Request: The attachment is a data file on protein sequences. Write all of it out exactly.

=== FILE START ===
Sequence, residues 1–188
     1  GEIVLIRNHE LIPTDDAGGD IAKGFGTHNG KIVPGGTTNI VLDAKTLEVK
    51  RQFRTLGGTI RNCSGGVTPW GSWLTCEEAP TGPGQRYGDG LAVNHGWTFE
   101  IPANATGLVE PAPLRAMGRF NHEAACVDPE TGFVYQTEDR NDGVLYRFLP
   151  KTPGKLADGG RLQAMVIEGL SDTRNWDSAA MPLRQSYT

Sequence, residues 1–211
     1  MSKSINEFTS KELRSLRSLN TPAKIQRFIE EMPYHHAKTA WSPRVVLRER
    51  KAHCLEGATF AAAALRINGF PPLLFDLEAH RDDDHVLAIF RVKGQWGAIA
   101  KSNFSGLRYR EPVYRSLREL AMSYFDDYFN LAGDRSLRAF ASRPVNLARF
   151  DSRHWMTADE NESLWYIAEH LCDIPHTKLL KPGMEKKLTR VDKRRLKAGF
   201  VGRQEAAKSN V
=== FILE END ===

Sequence, residues 1–188
     1  GEIVLIRNHE LIPTDDAGGD IAKGFGTHNG KIVPGGTTNI VLDAKTLEVK
    51  RQFRTLGGTI RNCSGGVTPW GSWLTCEEAP TGPGQRYGDG LAVNHGWTFE
   101  IPANATGLVE PAPLRAMGRF NHEAACVDPE TGFVYQTEDR NDGVLYRFLP
   151  KTPGKLADGG RLQAMVIEGL SDTRNWDSAA MPLRQSYT

Sequence, residues 1–211
     1  MSKSINEFTS KELRSLRSLN TPAKIQRFIE EMPYHHAKTA WSPRVVLRER
    51  KAHCLEGATF AAAALRINGF PPLLFDLEAH RDDDHVLAIF RVKGQWGAIA
   101  KSNFSGLRYR EPVYRSLREL AMSYFDDYFN LAGDRSLRAF ASRPVNLARF
   151  DSRHWMTADE NESLWYIAEH LCDIPHTKLL KPGMEKKLTR VDKRRLKAGF
   201  VGRQEAAKSN V